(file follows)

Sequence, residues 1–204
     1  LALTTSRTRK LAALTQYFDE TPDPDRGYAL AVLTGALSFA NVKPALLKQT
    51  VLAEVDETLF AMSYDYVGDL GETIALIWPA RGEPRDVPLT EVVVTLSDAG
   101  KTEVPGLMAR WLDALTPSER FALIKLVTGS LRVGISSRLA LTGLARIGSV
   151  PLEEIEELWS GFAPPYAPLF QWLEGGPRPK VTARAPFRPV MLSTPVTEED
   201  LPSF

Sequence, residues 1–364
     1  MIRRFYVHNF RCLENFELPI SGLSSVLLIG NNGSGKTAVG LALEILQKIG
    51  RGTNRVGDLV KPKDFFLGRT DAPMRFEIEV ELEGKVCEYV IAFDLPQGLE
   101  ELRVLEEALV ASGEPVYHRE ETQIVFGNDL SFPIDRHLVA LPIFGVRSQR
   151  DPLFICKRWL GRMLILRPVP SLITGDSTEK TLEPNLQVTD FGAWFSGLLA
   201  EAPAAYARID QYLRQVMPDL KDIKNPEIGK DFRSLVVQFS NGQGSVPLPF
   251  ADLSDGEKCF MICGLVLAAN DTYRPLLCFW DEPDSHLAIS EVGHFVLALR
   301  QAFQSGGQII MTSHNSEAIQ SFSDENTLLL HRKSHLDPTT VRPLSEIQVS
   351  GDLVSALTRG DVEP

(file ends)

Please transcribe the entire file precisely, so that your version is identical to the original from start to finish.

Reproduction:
Sequence, residues 1–204
     1  LALTTSRTRK LAALTQYFDE TPDPDRGYAL AVLTGALSFA NVKPALLKQT
    51  VLAEVDETLF AMSYDYVGDL GETIALIWPA RGEPRDVPLT EVVVTLSDAG
   101  KTEVPGLMAR WLDALTPSER FALIKLVTGS LRVGISSRLA LTGLARIGSV
   151  PLEEIEELWS GFAPPYAPLF QWLEGGPRPK VTARAPFRPV MLSTPVTEED
   201  LPSF

Sequence, residues 1–364
     1  MIRRFYVHNF RCLENFELPI SGLSSVLLIG NNGSGKTAVG LALEILQKIG
    51  RGTNRVGDLV KPKDFFLGRT DAPMRFEIEV ELEGKVCEYV IAFDLPQGLE
   101  ELRVLEEALV ASGEPVYHRE ETQIVFGNDL SFPIDRHLVA LPIFGVRSQR
   151  DPLFICKRWL GRMLILRPVP SLITGDSTEK TLEPNLQVTD FGAWFSGLLA
   201  EAPAAYARID QYLRQVMPDL KDIKNPEIGK DFRSLVVQFS NGQGSVPLPF
   251  ADLSDGEKCF MICGLVLAAN DTYRPLLCFW DEPDSHLAIS EVGHFVLALR
   301  QAFQSGGQII MTSHNSEAIQ SFSDENTLLL HRKSHLDPTT VRPLSEIQVS
   351  GDLVSALTRG DVEP